Monday, May 8, 2017
Are You A Good Shepherd?
Jesus’ parables were given so that the hearers might put themselves in the place of the characters, and learn a lesson. But the Good Shepherd parable, as was read today at mass, rarely has us considering the key character of the parable, and asking: Am I a good shepherd? How many lost people, especially among those we’re supposed to love the most, have we given up on, and stopped trying to save? Read on, and consider.
It’s easy to consider ourselves as one of the 99 in the parable, the flock who loyally follows Jesus; we DO believe He is the Good Shepherd and we want to follow Him. It’s also pretty easy to consider ourselves as the lost sheep; we all have strayed. And perhaps today we might even consider that in our culture it is not just the one but the 99 who are straying. It must give the Good Shepherd a headache!
But … He doesn’t give up on us. Never. And that’s something we need learn from the parable, to trust in, and evaluate.
Do you have a spouse you more often hate more than love? Do you have a child who doesn’t go to church anymore? Do you have a sibling who you avoid, so you don’t argue? Do you have a parent, who in their old-age dementia, doesn’t recognize you anymore? And so, you ask yourself: How can I love them, when they act like that? And perhaps you even seek support from friends: Isn’t it right that I avoid them, and their toxicity to me? (As a divorced person who avoids his ex, I DO understand.)
Put yourself in the place of the Good Shepherd in today’s parable. Those 99 sheep are no problem; of course, He loves them, and they love Him. But that last one, … that lost one is the stubborn one, the one who thinks he knows a better way. He wants to have nothing to do with you. He could get himself into brambles, fall off a cliff, or even get eaten by a wolf, but still he’ll say: I don’t need your help. And if we try to tell him we’re concerned because we love him, he’ll tell us he doesn’t need that kind of love.
Regarding his life, he is loudly (proudly?) proclaiming: “I know the way!!” (And oh, as we think about chastising him remember, we’ve all heard those very words come out of our mouths, too.)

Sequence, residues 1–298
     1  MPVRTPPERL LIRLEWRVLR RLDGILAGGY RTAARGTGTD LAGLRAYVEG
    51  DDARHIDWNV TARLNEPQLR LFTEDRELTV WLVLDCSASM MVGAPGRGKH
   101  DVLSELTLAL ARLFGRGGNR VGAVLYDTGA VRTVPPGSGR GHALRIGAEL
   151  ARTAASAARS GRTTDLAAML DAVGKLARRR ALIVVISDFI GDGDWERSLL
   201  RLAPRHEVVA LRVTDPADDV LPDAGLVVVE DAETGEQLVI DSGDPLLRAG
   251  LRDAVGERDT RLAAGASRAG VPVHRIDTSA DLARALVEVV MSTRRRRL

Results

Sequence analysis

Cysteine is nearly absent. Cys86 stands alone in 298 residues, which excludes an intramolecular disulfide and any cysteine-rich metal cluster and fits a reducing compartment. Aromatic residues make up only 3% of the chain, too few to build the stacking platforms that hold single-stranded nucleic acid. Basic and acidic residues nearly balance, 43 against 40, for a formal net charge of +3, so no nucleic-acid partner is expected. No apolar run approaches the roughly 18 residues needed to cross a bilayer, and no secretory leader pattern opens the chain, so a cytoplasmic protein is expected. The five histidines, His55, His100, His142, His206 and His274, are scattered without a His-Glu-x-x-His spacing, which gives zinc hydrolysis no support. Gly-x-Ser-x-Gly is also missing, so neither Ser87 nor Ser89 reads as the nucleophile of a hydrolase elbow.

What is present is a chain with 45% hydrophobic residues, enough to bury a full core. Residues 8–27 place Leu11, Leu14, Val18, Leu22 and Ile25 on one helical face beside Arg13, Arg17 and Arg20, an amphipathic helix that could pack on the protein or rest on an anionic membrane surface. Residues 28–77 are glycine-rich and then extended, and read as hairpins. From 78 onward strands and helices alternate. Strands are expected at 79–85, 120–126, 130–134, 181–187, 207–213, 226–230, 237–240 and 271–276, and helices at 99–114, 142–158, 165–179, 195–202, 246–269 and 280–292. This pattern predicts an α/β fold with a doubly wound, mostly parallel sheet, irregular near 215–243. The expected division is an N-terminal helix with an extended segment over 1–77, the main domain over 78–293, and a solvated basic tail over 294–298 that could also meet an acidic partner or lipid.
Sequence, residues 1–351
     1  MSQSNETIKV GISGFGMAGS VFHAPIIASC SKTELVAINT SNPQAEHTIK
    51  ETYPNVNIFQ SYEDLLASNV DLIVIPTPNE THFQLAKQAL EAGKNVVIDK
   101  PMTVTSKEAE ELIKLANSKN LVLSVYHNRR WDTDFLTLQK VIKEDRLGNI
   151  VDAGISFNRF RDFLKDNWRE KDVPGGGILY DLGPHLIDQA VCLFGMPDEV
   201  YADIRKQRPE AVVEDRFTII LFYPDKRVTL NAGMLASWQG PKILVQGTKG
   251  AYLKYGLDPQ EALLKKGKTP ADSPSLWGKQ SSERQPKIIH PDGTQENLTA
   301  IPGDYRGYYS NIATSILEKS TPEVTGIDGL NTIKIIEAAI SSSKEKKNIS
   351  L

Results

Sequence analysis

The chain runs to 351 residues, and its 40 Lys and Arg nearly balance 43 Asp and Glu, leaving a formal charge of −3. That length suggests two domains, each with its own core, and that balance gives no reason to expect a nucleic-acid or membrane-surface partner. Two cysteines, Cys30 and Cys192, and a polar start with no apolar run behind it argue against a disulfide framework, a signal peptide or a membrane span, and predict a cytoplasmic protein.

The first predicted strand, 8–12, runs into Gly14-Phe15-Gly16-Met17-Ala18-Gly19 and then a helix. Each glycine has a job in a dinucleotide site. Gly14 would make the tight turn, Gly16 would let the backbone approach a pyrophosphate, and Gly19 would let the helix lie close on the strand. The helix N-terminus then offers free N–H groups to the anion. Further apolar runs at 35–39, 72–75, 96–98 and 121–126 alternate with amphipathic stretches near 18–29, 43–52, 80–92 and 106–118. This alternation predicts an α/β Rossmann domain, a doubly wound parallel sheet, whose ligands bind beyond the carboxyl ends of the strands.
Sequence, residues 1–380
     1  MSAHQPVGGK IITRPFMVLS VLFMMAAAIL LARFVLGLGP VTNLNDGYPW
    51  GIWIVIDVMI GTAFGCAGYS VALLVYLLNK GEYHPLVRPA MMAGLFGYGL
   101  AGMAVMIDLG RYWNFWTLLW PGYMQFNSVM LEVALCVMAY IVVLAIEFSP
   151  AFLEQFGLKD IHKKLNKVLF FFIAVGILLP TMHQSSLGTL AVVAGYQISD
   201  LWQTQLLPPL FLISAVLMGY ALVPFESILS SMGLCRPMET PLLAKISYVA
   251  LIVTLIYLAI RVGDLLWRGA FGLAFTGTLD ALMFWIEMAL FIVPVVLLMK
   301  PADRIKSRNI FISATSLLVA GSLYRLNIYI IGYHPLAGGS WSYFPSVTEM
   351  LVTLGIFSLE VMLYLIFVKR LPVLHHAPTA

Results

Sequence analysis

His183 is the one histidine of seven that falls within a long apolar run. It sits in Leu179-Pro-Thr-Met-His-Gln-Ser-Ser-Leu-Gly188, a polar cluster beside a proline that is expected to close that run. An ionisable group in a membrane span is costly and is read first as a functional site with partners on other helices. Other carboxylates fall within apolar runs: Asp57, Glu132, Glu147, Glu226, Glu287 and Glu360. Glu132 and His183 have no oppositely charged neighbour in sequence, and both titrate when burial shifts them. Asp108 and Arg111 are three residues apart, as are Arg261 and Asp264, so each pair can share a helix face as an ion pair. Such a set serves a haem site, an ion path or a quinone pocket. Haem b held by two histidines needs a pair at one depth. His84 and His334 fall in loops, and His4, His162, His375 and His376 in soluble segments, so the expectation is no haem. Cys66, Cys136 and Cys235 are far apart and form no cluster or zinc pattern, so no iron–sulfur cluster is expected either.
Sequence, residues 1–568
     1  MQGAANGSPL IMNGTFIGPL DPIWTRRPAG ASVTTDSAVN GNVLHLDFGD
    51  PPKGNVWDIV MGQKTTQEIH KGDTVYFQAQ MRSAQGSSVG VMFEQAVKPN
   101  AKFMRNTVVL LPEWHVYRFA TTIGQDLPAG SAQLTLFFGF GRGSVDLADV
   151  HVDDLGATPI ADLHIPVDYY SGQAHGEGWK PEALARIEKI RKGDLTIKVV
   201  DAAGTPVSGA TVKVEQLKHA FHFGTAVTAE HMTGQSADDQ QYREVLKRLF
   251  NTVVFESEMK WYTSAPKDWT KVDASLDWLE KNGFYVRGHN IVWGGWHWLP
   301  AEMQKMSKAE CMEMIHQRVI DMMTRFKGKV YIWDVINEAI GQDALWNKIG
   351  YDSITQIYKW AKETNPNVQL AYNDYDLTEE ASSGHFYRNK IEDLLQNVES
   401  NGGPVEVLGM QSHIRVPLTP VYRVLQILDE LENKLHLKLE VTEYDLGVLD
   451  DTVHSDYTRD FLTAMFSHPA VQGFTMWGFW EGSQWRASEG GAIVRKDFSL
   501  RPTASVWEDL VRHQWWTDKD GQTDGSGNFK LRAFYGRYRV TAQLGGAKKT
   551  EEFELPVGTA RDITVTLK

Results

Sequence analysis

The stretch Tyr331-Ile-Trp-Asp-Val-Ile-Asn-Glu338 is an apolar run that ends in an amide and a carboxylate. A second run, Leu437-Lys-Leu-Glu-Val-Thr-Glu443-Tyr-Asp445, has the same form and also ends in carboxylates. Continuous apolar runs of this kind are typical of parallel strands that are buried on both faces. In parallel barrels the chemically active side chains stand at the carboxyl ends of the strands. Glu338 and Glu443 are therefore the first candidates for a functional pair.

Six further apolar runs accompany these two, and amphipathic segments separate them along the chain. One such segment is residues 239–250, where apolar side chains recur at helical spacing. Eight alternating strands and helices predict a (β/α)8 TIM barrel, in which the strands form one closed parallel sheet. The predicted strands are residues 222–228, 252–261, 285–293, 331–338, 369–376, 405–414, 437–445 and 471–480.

But the Good Shepherd goes out looking for that sheep who thinks he knows the way, the one He loves who wants nothing to do with Him, that awful spouse, that bratty child, that know-it-all sibling. He wants good for them; He wants them to be found --- even if they don’t know they are lost.
I know we all think we are good people. We all believe, in some way, that we are the good shepherd. So the real question isn’t: “Am I a good shepherd?” It’s: “How do I BE a good shepherd?” And I think the answer to that question is back in the parable: we persevere. We look in places, in ways, we didn’t look before. And we pray. And we trust. We put ourselves in the role of the good sheep we think we are, and turn to the REAL Good Shepherd and ask: “Where would You lead me?” And we trust.
- - - - - - - - - -
Trusting and persevering are two of the most difficult things in my life. Why do I write this blog? Why do I get involved in the church and non-profits? I rarely see meaningful results. I am alone. In recent weeks, I heard talks from two men who dedicate their lives, travel the world, to help the poor. They are making a difference. And this week I met with Naomi, who was disposing of the last of her possessions, before she leaves for Africa on Friday: “Mom died; there’s nothing holding me here. The children in Uganda need me.” And I was so humbled. And then she asked: “Will you come and visit me?”
The Good Shepherd said He’d focus His life to even save just the one. His example is a humbling one: He doesn’t expect us to save the world. The lost sheep was from His flock; perhaps He pursues it because He feels guilty it got lost. The example of the Good Shepherd is to trust and persevere.
He didn’t say it would be easy. He didn’t promise great consolations, or results. And the Good Shepherd felt alone, and perhaps He too wondered: Am I making a difference?
My friends go off and help the poor; it seems so tempting to follow them. I want to make a difference.
But the Good Shepherd, who we are called to emulate, perseveres and trusts, alone.
He doesn’t give up, and neither should we. Even though the world seems a scary, lonely place at times.